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A faint constellation south of Leo, introduced by the Polish astronomer Johannes Hevelius in 1687 under the name Sextans Uraniae to commemorate the instrument with which he measured star positions, and which was destroyed along with other instruments in a fire at his observatory in 1679. In his book Machina Coelestis (1673) he provided an engraving of himself displaying his sextant.
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Sextans above the coils of Hydra, illustrated in the Atlas Coelestis of John Flamsteed (1729). For the original depiction by Hevelius, see here.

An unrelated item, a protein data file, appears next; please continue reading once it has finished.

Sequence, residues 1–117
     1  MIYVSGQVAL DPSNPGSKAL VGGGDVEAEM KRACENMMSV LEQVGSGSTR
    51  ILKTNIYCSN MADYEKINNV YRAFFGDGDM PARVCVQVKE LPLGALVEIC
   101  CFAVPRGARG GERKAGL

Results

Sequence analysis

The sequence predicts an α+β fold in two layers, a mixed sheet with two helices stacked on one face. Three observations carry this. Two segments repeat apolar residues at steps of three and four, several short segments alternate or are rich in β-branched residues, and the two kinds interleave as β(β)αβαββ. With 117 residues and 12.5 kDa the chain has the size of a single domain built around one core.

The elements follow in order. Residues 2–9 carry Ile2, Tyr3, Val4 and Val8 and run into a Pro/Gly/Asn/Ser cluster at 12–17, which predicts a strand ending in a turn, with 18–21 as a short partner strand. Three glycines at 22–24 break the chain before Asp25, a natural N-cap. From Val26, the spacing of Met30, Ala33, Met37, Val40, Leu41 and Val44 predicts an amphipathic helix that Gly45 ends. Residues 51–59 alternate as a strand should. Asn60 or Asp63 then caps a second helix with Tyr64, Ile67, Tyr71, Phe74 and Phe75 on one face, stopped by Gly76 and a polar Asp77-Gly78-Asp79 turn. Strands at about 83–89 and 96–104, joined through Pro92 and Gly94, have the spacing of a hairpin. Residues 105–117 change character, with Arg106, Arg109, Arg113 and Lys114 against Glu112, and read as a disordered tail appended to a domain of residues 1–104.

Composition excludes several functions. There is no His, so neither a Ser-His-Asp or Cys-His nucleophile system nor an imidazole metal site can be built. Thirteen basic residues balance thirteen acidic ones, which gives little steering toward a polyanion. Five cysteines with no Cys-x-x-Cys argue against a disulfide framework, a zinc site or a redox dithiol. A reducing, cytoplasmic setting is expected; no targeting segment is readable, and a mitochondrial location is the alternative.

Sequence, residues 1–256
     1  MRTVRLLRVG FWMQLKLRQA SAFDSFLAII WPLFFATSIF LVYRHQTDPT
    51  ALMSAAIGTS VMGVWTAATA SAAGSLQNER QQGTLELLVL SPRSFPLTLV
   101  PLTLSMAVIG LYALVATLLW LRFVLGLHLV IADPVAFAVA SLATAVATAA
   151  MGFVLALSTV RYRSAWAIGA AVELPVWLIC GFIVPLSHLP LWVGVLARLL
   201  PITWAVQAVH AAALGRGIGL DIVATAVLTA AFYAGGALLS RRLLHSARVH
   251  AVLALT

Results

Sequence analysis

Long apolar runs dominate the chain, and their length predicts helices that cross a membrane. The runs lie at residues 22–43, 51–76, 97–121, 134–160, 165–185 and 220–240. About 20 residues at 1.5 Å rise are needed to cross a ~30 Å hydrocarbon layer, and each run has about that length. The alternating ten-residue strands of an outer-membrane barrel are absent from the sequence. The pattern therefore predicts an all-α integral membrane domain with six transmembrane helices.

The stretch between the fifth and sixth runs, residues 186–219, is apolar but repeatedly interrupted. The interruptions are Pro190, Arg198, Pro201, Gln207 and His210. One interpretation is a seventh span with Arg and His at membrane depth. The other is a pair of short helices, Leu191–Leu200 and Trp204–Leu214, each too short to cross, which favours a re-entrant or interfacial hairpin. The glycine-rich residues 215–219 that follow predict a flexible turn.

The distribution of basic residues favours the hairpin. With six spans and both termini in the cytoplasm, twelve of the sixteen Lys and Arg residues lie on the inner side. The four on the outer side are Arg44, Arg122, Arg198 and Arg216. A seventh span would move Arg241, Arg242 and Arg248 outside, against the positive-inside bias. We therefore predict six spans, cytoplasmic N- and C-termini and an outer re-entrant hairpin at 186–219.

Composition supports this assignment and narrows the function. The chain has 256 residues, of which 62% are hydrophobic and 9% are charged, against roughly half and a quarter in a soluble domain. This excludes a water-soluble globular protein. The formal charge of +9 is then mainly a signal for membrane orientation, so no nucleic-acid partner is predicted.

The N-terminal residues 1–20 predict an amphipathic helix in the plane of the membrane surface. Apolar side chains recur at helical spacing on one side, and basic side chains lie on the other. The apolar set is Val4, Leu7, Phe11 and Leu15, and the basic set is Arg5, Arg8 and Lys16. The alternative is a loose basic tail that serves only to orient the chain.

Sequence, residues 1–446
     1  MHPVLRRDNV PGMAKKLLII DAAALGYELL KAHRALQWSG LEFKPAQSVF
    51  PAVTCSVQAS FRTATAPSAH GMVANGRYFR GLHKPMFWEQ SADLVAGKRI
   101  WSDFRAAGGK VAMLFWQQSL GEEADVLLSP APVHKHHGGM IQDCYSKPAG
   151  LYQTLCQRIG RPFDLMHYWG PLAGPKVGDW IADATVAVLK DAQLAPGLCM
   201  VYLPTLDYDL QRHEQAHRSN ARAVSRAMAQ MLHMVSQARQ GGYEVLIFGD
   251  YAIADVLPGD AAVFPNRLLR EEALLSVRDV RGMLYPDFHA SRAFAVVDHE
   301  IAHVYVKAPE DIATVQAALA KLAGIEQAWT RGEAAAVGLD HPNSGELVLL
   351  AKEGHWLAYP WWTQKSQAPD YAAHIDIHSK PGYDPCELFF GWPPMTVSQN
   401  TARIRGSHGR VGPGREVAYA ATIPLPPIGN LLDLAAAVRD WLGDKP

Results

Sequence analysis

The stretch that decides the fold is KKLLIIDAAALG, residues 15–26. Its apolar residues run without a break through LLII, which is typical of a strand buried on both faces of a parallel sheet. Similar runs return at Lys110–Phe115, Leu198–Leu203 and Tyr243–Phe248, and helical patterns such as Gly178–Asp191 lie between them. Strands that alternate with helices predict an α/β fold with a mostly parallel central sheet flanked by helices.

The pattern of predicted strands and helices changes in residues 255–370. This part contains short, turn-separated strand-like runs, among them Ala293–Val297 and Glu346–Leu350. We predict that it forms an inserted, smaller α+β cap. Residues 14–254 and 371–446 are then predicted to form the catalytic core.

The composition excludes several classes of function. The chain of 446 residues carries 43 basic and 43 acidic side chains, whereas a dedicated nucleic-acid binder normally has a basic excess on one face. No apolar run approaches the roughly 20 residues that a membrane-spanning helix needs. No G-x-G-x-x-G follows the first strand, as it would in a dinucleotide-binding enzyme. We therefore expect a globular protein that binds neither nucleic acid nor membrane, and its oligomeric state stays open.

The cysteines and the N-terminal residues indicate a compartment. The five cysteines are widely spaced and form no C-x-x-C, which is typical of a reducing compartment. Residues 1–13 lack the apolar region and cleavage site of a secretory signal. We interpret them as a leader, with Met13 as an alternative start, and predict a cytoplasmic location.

Hevelius had continued to make naked-eye sightings with his sextant throughout his life, even though telescopes were available; it was perhaps to demonstrate the keenness of his eyes that he formed Sextans out of such faint stars, as he also did with another of his inventions, Lynx. The brightest star in Sextans is of magnitude 4.5 and none of the stars are named.

Chinese associations
Three stars in Sextans formed the Chinese constellation Tianxiang, ‘celestial minister’, symbolizing the prime minister, although sources differ as to which three stars these were.


© Ian Ridpath. All rights reserved


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